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Can someone help to describe some possible parametrizations for the ellipsoid:

$$\frac{x^2}{a^2} + \frac{y^2}{b^2} + \frac{z^2}{c^2} = 1?$$

I am thinking polar coordinates, but there may be the concept of steographic projecting (not sure how to apply it here), and not sure how many ways I can provide such possible parametrizations for the ellipsoid.

Thanks

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  • $\begingroup$ For ellipsis it looks like this $x = a\cos(\varphi), y = b\sin(\varphi)$ $\endgroup$ – Nikita Evseev Oct 2 '12 at 10:05
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You mention polar coordinates, which allow you to parameterise a sphere.

Let $X = \frac{x}{a}$, $Y = \frac{y}{b}$, and $Z = \frac{z}{c}$. Then the equation becomes

$$X^2 + Y^2 + Z^2 = 1.$$

This is the equation of a sphere of radius $1$, so you can parameterise it using polar coordinates. Once you have done that, use the fact that $x = aX$, $y = bY$, and $z = cZ$ to obtain a parameterisation of the ellipsoid.

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I think in this way: $x = a\sin(\varphi)\cos(\theta),\quad y = b\sin(\varphi)\sin(\theta),\quad z = c\cos(\varphi)$

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I know this is old but wanted to offer an answer. If you want to use spherical coordinates, you need to parameterize $r$ as a function of $\theta$ and $\phi$.

Start with
$x = r\cos(\phi)\sin(\theta)$
$y = r\sin(\phi)\sin(\theta)$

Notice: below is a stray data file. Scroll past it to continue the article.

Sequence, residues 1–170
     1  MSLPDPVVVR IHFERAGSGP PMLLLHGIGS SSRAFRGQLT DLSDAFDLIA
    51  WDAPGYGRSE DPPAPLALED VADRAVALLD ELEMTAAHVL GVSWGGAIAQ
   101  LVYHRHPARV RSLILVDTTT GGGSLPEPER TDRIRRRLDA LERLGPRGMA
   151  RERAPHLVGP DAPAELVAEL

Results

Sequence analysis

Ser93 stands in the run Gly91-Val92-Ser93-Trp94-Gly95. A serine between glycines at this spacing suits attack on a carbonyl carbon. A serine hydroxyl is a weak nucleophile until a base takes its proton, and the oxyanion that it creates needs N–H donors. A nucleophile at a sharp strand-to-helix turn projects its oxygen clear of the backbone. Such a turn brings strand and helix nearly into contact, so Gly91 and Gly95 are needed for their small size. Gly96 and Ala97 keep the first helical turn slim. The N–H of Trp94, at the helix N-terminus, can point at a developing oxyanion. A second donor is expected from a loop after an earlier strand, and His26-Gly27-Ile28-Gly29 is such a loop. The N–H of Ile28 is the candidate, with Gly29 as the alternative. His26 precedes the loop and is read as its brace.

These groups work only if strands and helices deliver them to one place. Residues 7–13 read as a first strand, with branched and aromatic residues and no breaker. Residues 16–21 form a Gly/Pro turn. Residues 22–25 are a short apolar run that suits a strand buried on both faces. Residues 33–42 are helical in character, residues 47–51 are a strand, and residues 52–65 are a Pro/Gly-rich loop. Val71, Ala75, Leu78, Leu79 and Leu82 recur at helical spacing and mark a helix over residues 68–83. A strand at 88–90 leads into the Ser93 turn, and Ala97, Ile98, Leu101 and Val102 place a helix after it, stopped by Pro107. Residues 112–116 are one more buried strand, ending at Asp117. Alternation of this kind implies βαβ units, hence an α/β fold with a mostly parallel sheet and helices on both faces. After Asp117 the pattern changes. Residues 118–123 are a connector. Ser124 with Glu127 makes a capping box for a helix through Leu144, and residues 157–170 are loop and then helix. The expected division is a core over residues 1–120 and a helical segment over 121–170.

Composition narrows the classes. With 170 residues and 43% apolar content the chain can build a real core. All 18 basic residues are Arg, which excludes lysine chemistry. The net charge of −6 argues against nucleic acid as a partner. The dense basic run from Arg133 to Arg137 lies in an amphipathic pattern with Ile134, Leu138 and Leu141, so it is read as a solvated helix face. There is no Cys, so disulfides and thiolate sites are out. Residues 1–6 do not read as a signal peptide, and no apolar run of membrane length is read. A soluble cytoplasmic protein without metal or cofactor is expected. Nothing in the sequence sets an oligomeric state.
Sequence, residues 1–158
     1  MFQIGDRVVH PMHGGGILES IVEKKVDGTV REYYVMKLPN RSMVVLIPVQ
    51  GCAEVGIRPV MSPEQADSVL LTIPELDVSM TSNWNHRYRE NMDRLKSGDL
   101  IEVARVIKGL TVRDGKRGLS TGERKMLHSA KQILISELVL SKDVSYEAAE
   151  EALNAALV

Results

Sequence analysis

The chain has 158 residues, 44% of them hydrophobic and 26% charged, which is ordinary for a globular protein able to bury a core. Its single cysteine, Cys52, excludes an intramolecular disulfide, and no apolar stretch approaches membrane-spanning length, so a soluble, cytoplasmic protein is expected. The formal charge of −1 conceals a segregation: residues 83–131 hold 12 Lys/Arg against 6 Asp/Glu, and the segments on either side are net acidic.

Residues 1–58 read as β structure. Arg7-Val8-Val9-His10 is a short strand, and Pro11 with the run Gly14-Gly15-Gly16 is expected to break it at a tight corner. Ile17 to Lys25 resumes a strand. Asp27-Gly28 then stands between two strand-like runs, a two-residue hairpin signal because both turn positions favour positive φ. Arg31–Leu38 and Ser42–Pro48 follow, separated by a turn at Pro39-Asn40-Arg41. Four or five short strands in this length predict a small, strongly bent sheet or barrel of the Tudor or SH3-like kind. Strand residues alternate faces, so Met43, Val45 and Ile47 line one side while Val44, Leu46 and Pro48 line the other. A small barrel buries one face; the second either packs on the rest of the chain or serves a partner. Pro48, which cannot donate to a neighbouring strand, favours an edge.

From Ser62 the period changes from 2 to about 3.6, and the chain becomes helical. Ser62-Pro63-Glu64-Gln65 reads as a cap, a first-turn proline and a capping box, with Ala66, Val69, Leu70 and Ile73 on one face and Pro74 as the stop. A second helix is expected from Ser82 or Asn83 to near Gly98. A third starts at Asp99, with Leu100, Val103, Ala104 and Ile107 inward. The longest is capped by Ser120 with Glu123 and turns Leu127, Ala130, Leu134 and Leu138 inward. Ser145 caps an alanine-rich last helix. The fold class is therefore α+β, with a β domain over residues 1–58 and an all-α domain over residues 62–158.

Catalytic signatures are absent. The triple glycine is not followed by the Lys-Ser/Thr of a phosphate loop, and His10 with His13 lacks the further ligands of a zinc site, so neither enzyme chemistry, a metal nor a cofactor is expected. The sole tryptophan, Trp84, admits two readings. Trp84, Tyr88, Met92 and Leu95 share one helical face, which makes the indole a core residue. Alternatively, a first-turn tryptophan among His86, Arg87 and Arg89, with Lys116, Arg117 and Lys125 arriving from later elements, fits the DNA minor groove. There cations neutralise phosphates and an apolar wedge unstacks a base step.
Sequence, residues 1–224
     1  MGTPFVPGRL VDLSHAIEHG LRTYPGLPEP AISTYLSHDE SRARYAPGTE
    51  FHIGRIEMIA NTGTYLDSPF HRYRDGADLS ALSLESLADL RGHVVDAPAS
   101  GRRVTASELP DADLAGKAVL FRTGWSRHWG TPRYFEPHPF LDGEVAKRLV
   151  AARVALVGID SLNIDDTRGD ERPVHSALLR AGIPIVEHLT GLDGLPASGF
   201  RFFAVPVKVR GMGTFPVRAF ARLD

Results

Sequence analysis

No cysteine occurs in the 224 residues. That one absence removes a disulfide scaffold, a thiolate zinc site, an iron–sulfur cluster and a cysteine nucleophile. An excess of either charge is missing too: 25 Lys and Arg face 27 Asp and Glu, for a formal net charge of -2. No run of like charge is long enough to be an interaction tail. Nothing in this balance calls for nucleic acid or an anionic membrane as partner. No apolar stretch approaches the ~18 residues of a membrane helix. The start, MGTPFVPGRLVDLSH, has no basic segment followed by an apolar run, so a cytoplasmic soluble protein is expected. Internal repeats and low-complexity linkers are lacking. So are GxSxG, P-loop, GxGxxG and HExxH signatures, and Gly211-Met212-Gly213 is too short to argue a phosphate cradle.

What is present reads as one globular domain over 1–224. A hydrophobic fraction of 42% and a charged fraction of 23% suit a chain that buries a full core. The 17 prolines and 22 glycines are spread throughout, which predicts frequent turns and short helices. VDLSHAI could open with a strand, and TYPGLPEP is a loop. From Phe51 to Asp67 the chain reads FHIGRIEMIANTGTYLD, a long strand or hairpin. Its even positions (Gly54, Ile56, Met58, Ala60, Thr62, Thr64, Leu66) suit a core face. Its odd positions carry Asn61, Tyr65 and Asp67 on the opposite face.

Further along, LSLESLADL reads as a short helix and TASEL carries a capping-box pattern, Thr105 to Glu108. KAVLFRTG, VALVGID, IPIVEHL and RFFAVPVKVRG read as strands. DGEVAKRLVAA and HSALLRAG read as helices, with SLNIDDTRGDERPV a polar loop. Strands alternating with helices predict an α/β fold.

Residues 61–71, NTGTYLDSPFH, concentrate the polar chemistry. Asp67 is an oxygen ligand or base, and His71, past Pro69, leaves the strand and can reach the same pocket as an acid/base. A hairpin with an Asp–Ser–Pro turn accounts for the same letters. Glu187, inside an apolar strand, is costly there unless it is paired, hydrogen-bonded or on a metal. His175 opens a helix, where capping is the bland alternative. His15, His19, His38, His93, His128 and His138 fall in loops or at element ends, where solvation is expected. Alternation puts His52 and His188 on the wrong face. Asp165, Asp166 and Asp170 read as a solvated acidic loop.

$z = r\cos(\theta)$

Plug into the equation for an ellipsoid and get

$$r = \frac{1}{\sqrt{\left ((\cos(\phi)/a)^2 + (\sin(\phi)/b)^2)\sin(\theta)^2 + (\cos(\theta)/c)^2 \right )}}$$

Given an angle pair $(\theta, \phi)$ the above equation will give you the distance from the center of the ellipsoid to a point on the ellipsoid corresponding to $(\theta, \phi)$. This may be a little more work than some of the other parameterizations but has its uses.

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  • $\begingroup$ Did you just pull that equation out of thin air? $\endgroup$ – A_for_ Abacus Apr 6 at 0:21
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The answer to your question will depend on what you want to do with the ellipsoid. The Wikipedia page on geodesics on ellipsoids gives three possible parametrizations of the surface: (1) geographic latitude and longitude (useful if you're determining your position by astronomical observations); (2) parametric coordinates, probably the simplest to deal with computationally; (3) ellipsoidal coordinates, nice in that they are lines of curvature and hence orthogonal.

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